Indian Poverty during the 1990s: Resolving Methodological Issues from the 55th NSS Round
AbstractThe fieldwork for the 61st National Sample Survey (NSS) has recently been completed and Indian poverty estimates for 2004/05 are currently being calculated. We revisit the debate over the 55th NSS round, which produced incomparable poverty estimates due to a change in the recall period used in the survey. The adjustment methods of Sundaram and Tendulkar (2003a; 2003b); Deaton (2003a and Drèze 2006); and Kijima and Lanjouw (2003) are analysed, and the underlying assumptions of each method are probed. We conclude that the use of the Employment/Unemployment surveys is not valid, reject the assumption of a stable Engel curve but cannot reject the assumption that returns to factors are constant. With the caveat that there has been no structural shift in the relationship between income and expenditure, we accept Kijima and Lanjouw's adjustment method. This implies that poverty reduction during the 1990s was considerably slower than prior to the 1991 economic reforms.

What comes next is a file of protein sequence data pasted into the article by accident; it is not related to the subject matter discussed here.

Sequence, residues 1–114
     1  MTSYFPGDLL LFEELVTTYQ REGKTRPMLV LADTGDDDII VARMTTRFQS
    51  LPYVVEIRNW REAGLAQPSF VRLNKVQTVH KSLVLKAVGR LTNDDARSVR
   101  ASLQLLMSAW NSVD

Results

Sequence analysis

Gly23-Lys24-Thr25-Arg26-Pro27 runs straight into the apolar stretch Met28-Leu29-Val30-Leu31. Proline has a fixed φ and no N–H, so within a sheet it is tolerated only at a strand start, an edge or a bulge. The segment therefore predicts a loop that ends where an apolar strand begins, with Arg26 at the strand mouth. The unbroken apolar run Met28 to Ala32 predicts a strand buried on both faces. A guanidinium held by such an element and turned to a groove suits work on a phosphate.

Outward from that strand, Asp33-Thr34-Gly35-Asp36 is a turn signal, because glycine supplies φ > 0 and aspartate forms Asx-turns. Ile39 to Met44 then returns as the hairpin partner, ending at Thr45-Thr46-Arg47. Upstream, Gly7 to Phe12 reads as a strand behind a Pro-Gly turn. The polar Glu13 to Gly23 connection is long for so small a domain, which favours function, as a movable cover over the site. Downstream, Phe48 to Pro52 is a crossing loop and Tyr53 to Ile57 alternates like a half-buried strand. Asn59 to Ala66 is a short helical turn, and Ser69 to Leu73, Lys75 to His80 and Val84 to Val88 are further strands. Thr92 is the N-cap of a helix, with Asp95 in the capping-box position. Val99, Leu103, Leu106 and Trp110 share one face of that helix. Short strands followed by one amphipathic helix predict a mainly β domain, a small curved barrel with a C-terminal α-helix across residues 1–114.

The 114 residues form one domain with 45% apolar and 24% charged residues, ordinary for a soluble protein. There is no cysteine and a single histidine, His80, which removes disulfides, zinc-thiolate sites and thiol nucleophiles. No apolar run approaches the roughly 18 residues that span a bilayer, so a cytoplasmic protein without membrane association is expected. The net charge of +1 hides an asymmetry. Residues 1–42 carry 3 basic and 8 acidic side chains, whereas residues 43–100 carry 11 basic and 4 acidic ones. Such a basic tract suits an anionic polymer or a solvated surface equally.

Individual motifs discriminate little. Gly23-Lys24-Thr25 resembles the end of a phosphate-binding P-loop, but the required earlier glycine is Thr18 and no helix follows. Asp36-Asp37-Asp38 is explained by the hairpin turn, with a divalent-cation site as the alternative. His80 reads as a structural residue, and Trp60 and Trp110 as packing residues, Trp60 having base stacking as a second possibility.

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Bibliographic InfoPaper provided by The Australian National University, Australia South Asia Research Centre in its series ASARC Working Papers with number 2006-07.
Date of creation: 2006
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This paper has been announced in the following NEP Reports:
- NEP-ALL-2006-07-15 (All new papers)
- NEP-CWA-2006-07-15 (Central & Western Asia)
- NEP-DEV-2006-07-15 (Development)
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